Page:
Watch the Rifi Hendrix: 9 online guitar lesson by Chris Buono from Guitar Cubed
Guitar 3 is definitely more of a third part than a solo, especially in the first time through the chart. A major contributing factor to this approach is due to the arena rock riffing heard in Guitars 1 & 2. To try to muscle a solo over those ten-ton parts is often times pointless. This is a big time "if-you-can’t-beat'em..." moment and an important one for you to learn from.
So, “to join them” the first eight bars sits on the now famous C-F perfect 4th played on the 3rd and 2nd strings with various 16th note scratches played in-between pounding chopped 1/4 notes. By “chopped” I mean you’re playing these 4ths on the downbeats of each pulse but chopping them down to 1/8 notes.
As bars 9-12 roll around it's time for the IV chord change. While Guitar 3 does jump to the 10th position for what seems like textbook D minor pentatonic, the approach is all Mixolydian. To some, no matter what I say they’ll hear it as a Dm thing and that’s OK. That’s what would be called a horizontal approach where the same tonality is played across a set of changes. If you’re in agreement with the original assertion then you’re seeing/hearing it from a vertical standpoint where a new tonality is used for each change.
These first 12 bars are packed with concepts we’ve delved into thus far in Guitar Cubed. The first fours bars are a classic call and response scenario, albeit with varying 16th note scratches; with the chopped 1/4-note 4ths ending on two different slide destinations. Bars 9-12 are of a motivic development ilk where the initial raunchy double stops (no, they’re not bent this time) that link up rhythmically with Guitars 1 & 2 are followed by two different motives. As a side note, you’ll need to pull that final 10th fret F on the 3rd string in bar 12 with your fret hand 1st finger since that is the finger that will be playing it coming out of the lick. The same goes for the final whole step bend in bar 16 at the upbeat of 2 on the 5th fret C. While it’s nice to whole step bend with the 3rd finger sometimes you gotta play the cards your dealt and rock them nonetheless.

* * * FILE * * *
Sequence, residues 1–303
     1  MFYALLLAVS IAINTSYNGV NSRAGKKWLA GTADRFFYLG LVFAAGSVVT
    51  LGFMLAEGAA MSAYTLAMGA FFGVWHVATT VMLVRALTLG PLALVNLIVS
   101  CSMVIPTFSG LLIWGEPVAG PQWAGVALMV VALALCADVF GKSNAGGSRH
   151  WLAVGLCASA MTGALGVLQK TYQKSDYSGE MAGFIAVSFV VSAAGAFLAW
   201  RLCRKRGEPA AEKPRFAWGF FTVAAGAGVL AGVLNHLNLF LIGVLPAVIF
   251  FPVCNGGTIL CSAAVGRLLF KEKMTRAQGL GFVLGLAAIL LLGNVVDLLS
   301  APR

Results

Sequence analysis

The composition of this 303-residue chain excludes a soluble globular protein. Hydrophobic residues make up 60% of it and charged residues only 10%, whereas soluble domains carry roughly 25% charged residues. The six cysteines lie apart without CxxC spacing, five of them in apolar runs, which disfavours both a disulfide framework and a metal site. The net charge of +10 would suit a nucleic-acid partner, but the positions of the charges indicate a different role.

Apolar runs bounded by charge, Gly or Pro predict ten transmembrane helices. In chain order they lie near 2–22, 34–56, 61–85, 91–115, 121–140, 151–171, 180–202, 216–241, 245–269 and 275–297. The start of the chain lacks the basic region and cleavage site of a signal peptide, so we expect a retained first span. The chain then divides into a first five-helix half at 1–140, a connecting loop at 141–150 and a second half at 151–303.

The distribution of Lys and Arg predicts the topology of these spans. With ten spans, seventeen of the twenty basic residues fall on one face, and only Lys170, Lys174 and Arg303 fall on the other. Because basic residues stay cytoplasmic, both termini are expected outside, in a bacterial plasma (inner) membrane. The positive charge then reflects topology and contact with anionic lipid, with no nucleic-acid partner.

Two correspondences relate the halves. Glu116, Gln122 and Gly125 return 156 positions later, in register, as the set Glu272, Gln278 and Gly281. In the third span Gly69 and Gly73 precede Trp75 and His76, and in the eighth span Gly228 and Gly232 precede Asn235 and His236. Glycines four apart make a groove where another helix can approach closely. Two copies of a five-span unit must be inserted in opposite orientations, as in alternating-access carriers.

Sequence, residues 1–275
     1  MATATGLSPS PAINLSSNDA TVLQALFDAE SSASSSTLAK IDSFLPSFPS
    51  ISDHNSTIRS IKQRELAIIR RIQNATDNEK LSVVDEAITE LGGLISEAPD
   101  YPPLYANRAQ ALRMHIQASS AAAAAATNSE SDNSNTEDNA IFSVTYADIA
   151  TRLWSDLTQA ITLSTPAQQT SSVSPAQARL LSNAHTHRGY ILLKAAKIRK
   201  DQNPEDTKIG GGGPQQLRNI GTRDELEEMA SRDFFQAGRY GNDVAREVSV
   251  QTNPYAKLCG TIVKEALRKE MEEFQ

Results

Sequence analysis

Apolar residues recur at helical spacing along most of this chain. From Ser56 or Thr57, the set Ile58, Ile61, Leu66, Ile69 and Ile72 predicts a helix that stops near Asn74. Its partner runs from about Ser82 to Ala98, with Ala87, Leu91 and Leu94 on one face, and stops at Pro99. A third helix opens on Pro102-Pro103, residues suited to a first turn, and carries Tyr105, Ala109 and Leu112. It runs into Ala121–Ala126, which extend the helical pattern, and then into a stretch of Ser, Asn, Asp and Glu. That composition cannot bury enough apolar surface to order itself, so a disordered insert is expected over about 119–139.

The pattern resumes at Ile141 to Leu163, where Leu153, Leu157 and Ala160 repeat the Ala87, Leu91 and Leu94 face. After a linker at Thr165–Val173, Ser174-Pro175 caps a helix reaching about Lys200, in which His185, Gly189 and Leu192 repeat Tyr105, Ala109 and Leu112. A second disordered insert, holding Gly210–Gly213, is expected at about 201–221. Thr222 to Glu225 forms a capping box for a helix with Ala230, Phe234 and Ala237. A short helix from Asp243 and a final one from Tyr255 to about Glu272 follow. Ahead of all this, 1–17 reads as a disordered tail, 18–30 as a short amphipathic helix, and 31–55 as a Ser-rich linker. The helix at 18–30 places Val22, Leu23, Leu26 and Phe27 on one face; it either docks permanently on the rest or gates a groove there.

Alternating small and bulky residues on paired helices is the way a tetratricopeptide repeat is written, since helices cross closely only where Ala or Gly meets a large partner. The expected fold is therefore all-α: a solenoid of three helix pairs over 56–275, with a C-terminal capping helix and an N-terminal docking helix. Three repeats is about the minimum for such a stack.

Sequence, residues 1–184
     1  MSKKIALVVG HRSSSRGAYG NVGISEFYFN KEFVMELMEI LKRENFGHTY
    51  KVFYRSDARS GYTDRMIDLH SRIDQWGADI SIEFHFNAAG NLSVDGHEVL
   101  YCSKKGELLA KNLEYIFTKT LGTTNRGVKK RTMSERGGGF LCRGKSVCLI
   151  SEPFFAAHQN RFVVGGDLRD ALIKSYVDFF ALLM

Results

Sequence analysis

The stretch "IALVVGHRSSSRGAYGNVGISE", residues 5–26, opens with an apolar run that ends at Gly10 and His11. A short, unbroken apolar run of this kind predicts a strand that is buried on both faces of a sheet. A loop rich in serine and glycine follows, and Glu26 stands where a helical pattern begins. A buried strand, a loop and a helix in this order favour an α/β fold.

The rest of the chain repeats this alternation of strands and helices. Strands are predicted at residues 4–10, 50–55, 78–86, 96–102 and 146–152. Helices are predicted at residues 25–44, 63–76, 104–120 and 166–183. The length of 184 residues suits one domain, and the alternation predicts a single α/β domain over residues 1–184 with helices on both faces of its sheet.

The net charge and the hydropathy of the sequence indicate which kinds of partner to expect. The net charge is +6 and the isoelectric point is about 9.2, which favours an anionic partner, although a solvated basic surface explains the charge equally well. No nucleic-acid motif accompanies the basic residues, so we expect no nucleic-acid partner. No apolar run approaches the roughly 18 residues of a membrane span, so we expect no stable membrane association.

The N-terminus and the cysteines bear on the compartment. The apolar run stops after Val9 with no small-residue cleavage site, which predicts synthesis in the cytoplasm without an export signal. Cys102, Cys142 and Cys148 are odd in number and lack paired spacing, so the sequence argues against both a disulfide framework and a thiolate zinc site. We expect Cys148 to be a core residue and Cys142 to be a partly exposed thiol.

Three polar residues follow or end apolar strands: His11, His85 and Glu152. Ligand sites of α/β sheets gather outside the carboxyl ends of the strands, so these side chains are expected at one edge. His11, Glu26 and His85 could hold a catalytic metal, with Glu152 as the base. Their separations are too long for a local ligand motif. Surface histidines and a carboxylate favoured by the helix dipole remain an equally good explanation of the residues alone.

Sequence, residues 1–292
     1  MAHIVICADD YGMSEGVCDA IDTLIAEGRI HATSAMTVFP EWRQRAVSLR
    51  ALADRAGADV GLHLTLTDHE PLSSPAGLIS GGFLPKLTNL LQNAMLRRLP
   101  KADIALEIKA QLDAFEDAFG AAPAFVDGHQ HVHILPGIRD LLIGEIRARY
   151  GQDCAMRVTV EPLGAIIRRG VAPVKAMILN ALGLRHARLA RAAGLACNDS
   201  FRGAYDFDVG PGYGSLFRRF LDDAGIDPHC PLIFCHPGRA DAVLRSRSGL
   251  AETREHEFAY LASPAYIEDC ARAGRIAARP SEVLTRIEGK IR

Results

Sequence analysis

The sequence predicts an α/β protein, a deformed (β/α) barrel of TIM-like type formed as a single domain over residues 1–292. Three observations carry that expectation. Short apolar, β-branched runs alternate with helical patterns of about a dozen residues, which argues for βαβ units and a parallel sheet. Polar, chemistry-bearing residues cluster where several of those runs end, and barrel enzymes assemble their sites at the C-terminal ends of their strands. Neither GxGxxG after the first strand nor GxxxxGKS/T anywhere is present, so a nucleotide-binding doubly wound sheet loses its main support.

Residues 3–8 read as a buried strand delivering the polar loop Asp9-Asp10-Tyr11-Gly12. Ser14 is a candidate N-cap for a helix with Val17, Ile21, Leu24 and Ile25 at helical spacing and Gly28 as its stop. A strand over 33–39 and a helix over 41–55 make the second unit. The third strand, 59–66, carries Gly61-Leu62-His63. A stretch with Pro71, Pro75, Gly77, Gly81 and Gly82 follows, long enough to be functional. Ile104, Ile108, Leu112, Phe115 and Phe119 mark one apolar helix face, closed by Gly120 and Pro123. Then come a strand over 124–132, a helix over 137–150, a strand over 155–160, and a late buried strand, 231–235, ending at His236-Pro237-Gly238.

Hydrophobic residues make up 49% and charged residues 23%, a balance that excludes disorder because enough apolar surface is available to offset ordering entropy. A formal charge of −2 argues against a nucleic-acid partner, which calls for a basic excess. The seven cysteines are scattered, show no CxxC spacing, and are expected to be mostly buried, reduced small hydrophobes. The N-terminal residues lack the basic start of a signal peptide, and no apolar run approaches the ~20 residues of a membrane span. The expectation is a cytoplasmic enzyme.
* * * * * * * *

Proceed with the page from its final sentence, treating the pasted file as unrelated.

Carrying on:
The first 16 bars, or rather first chorus, played off a cool idea built on that lone perfect 4th interval. The second time around the theme shifts towards a sexy D minor pentatonic idea. The smart part is it still plays off the downbeat like the first chorus did in the odd-numbered bars with one tasty exception. With so much downbeat playing the upbeat phrasing at beat 1 of bar 19 and 23 and again at bar 31 is a welcome change and breaks things up without losing focus. In the even-numbered bars the lick follows Guitars 1 & 2 (something the first chorus did not so this in itself is a fresh idea), but with phrasing inflections that match the mood being created by this part at this juncture.
The final lick of this 32 bar jam is a classic, no doubt. To keep up with the brisk 120 bpm hybrid picking was called upon. In the Performance segment I used my pick hand 2nd finger to pick the 10th fret A on the 2nd string on the downbeat of beat 2. Not only does that economize motion but it also provides a surprising snappy attack within the line. Another point that hybrid picking could have been used is the rolling 4th from A to D on the 2nd and 1st strings respectively starting on the 2nd 16th of beat 3. There you could use your pick hand 2nd finger for the A and the 3rd finger for the D making for a more hot-country rock style sound.